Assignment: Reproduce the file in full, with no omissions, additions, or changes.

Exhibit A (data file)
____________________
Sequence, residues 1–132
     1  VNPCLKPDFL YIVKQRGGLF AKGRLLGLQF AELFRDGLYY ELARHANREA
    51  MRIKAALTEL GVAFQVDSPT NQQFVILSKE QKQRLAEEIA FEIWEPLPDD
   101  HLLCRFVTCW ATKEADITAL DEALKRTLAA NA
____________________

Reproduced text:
Sequence, residues 1–132
     1  VNPCLKPDFL YIVKQRGGLF AKGRLLGLQF AELFRDGLYY ELARHANREA
    51  MRIKAALTEL GVAFQVDSPT NQQFVILSKE QKQRLAEEIA FEIWEPLPDD
   101  HLLCRFVTCW ATKEADITAL DEALKRTLAA NA